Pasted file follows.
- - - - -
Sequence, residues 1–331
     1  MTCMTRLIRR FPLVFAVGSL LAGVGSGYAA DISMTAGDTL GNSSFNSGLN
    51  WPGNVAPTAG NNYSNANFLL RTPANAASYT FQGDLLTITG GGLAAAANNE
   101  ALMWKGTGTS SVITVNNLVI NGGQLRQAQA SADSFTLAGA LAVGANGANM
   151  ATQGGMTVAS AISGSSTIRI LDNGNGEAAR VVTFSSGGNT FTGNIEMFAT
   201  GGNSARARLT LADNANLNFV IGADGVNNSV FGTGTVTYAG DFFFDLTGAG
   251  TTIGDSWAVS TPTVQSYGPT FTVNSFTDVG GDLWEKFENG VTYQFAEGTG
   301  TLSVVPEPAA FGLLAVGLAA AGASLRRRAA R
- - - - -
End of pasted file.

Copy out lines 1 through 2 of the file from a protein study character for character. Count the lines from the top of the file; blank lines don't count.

Sequence, residues 1–331
     1  MTCMTRLIRR FPLVFAVGSL LAGVGSGYAA DISMTAGDTL GNSSFNSGLN